Read THEM (Book 0): Invasion Online

Authors: M.D. Massey

Tags: #Post-Apocalyptic | Zombies | Vampires

THEM (Book 0): Invasion

THEM

THEM
Book Zero
Invasion

A Paranormal Post-Apocalyptic Action Novel by
M.D. Massey

 

Modern Digital Publishing
AUSTIN, TEXAS

COPYRIGHT

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Copyright © 2016 by M.D. Massey.

 

All rights reserved. No part of this publication may be reproduced, distributed or transmitted in any form or by any means, including photocopying, recording, or other electronic or mechanical methods, without the prior written permission of the publisher, except in the case of brief quotations embodied in critical reviews and certain other noncommercial uses permitted by copyright law. For permission requests, write to the publisher, addressed “Attention: Permissions Coordinator,” at the address below.

 

Modern Digital Publishing

P.O. Box 682

Dripping Springs, Texas 78620

 

THEM Book Zero: Invasion/ M.D. Massey. ‌—‌ 1st ed.

DEDICATION

 

 

Dedicated to all the warriors who are still fighting

their own personal battles, day by day.

INVASION

INVASION

“While my wife at my side lies slumbering, and the wars are over long,
And through the stillness, through the dark, I hear, just hear, the breath of my infant,
There in the room, as I wake from sleep, this vision presses upon me:
The engagement opens there and then, in fantasy unreal;
The skirmishers begin‌—‌they crawl cautiously ahead‌—‌
I hear the irregular snap! snap!
I hear the sounds of the different missiles‌—‌the short t-h-t! t-h-t! of the rifle balls;
I see the shells exploding, leaving small white clouds‌—‌
I hear the great shells shrieking as they pass;
The grape, like the hum and whirr of wind through the trees,
(quick, tumultuous, now the contest rages!)
All the scenes at the batteries themselves rise in detail before me again…”

 

~from The Artilleryman’s Vision, by Walt Whitman

ONE

WAKE

I WAS JUST PULLING my old Toyota Hilux 4x4 into the Stop N’ Steal parking lot when I saw him standing there, kinda swaying back and forth, just generally waiting to get run over.
Aw shit
, I thought.
Better help him before Randy comes along and locks him up
. Randy was the local constable, and along with the sheriff’s deputies who patrolled this area, he was most of what passed for the law in these parts.

Folks who aren’t from Texas don’t realize it, but there are counties in West Texas bigger than most Yankee states. Most of them are sparsely populated, which means there’s a whole lot of land with not a lot of law to go around. Suits me just fine. I like to spend my time with as little government interference as possible.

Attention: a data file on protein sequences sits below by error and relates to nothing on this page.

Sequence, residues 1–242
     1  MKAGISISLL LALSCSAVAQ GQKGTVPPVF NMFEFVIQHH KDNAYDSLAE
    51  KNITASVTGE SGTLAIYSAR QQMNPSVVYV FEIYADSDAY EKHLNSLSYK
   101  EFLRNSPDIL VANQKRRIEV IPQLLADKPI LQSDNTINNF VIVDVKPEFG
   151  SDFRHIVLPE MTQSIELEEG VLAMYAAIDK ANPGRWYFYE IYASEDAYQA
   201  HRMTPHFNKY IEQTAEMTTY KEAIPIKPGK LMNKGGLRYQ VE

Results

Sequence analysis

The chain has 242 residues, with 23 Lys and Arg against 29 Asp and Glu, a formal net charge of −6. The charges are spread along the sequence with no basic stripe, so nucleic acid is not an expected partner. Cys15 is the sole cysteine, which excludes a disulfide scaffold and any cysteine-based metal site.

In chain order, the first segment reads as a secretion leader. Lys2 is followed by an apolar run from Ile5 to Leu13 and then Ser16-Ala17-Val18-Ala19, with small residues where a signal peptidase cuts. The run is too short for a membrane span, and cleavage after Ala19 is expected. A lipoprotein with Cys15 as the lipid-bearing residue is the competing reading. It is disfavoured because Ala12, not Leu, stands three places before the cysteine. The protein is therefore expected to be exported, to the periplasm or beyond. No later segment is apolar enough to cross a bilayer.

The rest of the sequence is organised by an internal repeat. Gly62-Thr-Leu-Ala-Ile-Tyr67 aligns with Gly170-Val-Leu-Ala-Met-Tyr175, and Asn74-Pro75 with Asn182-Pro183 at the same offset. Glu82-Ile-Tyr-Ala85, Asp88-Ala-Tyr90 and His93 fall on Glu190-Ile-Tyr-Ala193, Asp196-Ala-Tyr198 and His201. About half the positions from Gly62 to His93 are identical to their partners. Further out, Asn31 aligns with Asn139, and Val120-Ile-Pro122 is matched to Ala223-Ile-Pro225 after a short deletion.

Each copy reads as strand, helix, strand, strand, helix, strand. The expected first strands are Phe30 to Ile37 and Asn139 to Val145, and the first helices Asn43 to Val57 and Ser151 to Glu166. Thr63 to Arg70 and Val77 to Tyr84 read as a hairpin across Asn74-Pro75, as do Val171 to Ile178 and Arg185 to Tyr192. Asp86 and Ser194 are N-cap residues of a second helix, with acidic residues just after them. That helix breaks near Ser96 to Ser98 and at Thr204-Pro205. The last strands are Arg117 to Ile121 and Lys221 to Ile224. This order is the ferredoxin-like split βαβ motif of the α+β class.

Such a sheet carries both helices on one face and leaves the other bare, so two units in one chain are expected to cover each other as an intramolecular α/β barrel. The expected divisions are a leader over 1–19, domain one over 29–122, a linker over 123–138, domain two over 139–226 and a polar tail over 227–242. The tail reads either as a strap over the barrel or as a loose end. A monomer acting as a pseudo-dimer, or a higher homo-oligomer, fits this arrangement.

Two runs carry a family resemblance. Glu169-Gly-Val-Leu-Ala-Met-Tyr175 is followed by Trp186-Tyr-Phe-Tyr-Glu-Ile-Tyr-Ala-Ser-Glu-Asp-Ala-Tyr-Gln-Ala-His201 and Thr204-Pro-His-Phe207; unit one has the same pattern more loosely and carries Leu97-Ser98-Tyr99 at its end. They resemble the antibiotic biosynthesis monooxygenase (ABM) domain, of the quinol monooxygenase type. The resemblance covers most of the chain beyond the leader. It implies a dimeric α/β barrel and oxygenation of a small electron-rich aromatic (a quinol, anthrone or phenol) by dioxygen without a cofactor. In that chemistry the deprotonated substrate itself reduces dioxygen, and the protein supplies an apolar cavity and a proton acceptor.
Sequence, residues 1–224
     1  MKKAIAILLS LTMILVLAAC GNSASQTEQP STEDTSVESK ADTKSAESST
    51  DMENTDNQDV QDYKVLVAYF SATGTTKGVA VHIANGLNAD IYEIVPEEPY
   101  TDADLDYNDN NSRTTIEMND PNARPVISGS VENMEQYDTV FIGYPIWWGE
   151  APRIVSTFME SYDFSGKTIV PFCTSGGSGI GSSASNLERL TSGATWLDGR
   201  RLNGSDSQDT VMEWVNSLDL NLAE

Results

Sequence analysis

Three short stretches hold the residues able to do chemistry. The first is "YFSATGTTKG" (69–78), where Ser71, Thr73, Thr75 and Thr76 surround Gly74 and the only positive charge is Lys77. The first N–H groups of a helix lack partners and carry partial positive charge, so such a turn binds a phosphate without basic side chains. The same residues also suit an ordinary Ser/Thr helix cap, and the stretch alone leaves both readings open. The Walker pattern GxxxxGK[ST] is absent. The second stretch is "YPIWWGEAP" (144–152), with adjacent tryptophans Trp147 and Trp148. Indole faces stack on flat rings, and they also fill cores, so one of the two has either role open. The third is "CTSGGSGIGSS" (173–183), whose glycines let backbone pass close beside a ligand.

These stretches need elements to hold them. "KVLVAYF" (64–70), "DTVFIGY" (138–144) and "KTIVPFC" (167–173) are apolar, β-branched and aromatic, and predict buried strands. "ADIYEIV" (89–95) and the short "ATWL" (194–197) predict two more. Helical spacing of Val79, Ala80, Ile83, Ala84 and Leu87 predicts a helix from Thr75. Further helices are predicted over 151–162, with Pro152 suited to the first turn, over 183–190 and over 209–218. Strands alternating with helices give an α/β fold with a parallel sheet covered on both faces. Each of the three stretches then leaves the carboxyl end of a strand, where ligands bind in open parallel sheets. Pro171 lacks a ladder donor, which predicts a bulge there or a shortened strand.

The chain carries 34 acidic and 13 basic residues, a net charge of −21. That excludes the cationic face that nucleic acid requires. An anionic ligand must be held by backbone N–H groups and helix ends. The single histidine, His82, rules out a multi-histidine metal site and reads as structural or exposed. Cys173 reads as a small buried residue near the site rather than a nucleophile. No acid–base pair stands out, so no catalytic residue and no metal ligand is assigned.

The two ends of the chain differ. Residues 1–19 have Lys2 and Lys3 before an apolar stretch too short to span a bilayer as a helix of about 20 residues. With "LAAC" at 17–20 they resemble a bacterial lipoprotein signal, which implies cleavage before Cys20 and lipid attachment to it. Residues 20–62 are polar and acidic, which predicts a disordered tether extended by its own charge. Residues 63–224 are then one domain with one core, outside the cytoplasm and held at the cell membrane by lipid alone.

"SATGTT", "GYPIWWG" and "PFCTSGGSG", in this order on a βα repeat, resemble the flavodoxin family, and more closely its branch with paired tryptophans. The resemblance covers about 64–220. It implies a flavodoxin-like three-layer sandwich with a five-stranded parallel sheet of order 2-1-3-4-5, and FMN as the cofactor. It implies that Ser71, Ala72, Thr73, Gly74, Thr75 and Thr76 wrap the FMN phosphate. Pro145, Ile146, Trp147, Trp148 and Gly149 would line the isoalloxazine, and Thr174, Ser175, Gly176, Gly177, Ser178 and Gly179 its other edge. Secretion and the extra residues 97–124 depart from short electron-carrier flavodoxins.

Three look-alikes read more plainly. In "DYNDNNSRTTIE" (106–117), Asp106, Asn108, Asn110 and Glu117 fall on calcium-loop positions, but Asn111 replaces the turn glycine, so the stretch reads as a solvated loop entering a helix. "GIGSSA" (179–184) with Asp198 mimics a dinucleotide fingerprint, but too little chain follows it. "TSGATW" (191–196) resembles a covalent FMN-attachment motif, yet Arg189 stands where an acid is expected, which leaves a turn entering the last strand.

Another thing most folks don’t realize is just how close most of the state is to Mexico. That means we get a lot of illegals coming up from south of us, looking for work and a better life. I don’t hold it against them, being as my ancestors pretty much came to Texas the same way, albeit before Texas was a state. Even though I’m mostly a fan of respecting the rule of law, I still try to help them any way I can.

Sadly, this character looked like he’d been sick for days. Nearest hospital was in Kerrville, and he likely had no way to get there, all on his own. Musta just got into town. Coyotes would smuggle illegals just far enough to evade border patrol, then they’d give them a jug of water and say, “Walk that way until you find a town.” A lot of them died each year, lost in the desert scrub‌—‌most often from dehydration, starvation, or exposure. A good part of them were kids. I had an uncle who’d worked as a cop on the border in South Texas for the better part of 50 years, and he’d tell stories about finding kids dead in the scrub. Haunted him for the rest of his days.

So when I see a guy like this one, I do my best to step in and help them get where they need to be. But this guy, he looked like he was really bad off. For one, he stuck out like a sore thumb, which was bound to get him picked up by
La Migra
quick. He was wearing a pair of snakeskin boots that looked like the soles were worn right through, a pair of acid-washed jeans that had seen better days way back in the eighties when they were probably made, and a dime store western shirt. An Astros hat topped it all off, which he’d probably bought thinking it would help him blend in, the poor guy. I pulled my truck up and yelled out the window to him.

“¡Oye! ¿Necesita un paseo?”
Hey! Do you need a ride somewhere?
Nothing. The guy just stood there, rocking back and forth. I could see his eyes were glazed over, and he looked like he was about to pass out. I grabbed a water bottle from the passenger seat, turned the truck off, and got out to help him.

“¿Señor, quieres agua?” I asked as I approached him from the front.

He was still zoning out as I walked up. It looked like he’d need medical assistance, for sure. I unscrewed the cap and walked up with the bottle held out to him; just as I did, his eyes rolled back and he collapsed.